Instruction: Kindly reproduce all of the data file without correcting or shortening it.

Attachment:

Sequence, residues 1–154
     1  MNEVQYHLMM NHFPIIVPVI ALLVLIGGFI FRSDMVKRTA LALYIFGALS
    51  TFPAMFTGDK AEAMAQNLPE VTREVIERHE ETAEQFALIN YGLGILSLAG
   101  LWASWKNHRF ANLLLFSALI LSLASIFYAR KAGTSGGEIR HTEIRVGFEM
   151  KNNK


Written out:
Sequence, residues 1–154
     1  MNEVQYHLMM NHFPIIVPVI ALLVLIGGFI FRSDMVKRTA LALYIFGALS
    51  TFPAMFTGDK AEAMAQNLPE VTREVIERHE ETAEQFALIN YGLGILSLAG
   101  LWASWKNHRF ANLLLFSALI LSLASIFYAR KAGTSGGEIR HTEIRVGFEM
   151  KNNK